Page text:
Dipole and monopole antennas are widely used in wireless communications equipment due to their simplicity, omnidirectional characteristics, and low cost. Wave3D software simulates such antennas within the framework of a general 3D analysis. This preserves accuracy of computed field for designs featuring both small and intermediate ratios of antenna radius to its length. Below Wave3D simulation results are presented for broadband conical monopole antenna as well as conventional dipole antenna.
1. Conical Monopole Antenna
Conical monopole antennas are knows for their broadband characteristics and excellent omnidirectional properties. Typical implementations feature finite size ground plane and coaxial waveguide excitation. The Wave3D simulation results are demonstrated below for the conical antenna configuration described in the following publication:
Y. K. Yu and J. Li, “Analysis of electrically small size conical antennas”, Progress in Electromagnetics Research Letters, Vol. 1, pp. 85-92, 2008.
Fig. 1a: Instantaneous current distribution at t=0 s (left) and radiation pattern (right) of a monopole conical antenna fed by the coaxial cable at 500MHz. Ground plane radius is 60cm. Radius of cone radiator and its height are 15cm. The radius of coaxial line inner conductor is 1cm.
Fig. 1b: Instantaneous current distribution at t=0 s (left) and radiation pattern (right) of a monopole conical antenna fed by the coaxial cable at 900MHz.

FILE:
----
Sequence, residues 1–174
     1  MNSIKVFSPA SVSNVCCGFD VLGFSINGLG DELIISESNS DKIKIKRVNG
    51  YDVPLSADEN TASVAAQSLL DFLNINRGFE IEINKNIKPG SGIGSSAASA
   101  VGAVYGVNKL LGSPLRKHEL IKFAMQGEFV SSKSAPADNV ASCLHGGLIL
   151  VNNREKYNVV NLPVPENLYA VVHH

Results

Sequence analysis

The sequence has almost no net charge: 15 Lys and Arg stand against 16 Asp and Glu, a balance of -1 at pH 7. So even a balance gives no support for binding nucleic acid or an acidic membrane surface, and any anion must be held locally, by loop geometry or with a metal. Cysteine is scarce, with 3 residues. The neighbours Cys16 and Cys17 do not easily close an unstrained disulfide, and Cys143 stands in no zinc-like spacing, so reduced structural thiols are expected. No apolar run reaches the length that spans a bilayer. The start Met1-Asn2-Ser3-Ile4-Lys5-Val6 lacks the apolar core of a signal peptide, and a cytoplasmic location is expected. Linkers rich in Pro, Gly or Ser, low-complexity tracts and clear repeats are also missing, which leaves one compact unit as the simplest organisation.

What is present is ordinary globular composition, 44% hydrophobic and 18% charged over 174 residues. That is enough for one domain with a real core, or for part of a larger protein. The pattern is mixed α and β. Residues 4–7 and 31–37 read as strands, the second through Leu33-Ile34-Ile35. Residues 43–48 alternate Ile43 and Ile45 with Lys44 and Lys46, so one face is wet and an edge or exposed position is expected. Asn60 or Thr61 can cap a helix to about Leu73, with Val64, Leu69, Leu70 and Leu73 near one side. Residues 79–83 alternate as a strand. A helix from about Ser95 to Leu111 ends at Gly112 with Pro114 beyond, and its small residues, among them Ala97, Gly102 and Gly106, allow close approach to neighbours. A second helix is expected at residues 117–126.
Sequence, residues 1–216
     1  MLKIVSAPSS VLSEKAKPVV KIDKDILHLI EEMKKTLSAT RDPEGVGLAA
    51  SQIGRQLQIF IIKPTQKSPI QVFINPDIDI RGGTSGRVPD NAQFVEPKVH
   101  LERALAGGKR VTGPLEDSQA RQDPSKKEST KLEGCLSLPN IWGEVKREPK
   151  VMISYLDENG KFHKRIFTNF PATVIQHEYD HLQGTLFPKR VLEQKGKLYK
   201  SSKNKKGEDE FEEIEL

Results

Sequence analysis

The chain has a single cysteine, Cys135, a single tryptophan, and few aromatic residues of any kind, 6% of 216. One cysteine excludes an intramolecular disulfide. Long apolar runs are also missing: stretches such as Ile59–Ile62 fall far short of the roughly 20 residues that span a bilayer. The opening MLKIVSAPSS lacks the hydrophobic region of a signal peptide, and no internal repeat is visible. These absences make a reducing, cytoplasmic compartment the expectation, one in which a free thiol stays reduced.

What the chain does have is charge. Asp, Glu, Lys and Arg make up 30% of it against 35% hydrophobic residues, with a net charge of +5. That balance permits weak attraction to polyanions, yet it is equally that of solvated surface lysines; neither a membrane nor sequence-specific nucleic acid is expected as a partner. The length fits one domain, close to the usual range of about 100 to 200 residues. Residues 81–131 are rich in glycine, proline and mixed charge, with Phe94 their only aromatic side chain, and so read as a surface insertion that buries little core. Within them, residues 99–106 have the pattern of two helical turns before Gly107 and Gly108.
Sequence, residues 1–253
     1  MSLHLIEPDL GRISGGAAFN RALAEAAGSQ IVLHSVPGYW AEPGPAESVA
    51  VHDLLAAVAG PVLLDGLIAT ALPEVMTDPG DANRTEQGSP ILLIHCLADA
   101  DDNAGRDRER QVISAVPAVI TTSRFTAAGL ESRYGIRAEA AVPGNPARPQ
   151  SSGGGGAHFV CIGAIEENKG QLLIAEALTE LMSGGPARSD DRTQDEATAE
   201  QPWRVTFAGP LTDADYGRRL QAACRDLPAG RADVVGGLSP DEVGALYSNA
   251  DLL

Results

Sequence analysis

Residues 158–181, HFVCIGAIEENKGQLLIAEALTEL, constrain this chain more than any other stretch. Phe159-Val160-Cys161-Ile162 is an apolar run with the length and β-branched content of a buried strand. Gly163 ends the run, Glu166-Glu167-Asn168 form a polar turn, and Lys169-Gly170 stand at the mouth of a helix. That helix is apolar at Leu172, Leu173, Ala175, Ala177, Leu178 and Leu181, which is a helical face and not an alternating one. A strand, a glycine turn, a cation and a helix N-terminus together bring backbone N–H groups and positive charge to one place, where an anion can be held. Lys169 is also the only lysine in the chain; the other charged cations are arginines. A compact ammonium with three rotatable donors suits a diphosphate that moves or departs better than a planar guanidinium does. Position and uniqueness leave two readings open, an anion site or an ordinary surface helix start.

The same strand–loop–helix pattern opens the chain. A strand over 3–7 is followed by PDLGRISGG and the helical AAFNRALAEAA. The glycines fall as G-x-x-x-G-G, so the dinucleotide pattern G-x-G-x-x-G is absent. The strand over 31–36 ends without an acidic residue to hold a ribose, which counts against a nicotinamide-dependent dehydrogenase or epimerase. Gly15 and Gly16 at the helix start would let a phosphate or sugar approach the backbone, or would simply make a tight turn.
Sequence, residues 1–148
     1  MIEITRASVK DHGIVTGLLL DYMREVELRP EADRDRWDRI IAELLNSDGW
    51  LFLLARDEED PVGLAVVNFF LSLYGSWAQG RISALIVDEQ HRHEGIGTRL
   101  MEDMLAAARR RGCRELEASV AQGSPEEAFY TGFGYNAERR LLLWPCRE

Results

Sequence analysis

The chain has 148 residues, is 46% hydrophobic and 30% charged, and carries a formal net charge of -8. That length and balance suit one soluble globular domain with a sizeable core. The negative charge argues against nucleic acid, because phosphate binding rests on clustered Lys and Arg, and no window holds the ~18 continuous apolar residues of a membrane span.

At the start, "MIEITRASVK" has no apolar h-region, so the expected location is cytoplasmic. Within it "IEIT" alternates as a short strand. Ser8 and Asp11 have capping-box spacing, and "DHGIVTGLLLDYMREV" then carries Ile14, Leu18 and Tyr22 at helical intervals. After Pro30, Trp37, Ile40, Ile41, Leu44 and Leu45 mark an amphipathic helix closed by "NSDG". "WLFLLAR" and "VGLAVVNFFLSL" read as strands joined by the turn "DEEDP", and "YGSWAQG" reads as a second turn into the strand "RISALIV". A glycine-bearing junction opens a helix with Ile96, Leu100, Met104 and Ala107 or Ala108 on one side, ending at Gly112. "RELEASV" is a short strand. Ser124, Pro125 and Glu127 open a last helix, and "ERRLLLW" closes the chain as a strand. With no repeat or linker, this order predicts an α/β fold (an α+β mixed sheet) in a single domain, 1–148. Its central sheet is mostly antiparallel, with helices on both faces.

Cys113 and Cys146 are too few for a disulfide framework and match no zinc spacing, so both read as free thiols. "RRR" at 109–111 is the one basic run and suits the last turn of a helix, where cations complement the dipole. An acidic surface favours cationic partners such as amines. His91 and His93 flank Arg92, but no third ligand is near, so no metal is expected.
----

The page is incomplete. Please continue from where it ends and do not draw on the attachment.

Fig. 1d: Reflection loss of the conical antenna in the frequency range 100-900MHz. The S11 is calculated with normalization to 50 Ohm.
2. Dipole Antenna
Dipole antennas are commonly made of a solid wire with the radius substantially smaller than it length. While thin wire models of such antennas provide good approximation of the fields, thicker dipoles often require fully 3D modeling for accurate prediction of their input impedance and radiating properties. Below the numerical results computed with Wave3D are demonstrated for 1/4-wavelength and 3/4 wavelength dipole antenna featuring 1:100 diameter to length ratio.
Fig. 2a: Snapshot at t=0 s of time-harmonic magnetic field (left) and electric field (right) in the longitudinal and cross-sectional slices near 1/4-wavelength long dipole antenna. Diameter of the antenna is 0.01 of its length.
Fig. 2b: Snapshot at t=0 s of time-harmonic magnetic field (left) and electric field (right) in the longitudinal and cross-sectional slices near 3/4-wavelength long dipole antenna. Diameter of the antenna is 0.01 of its length.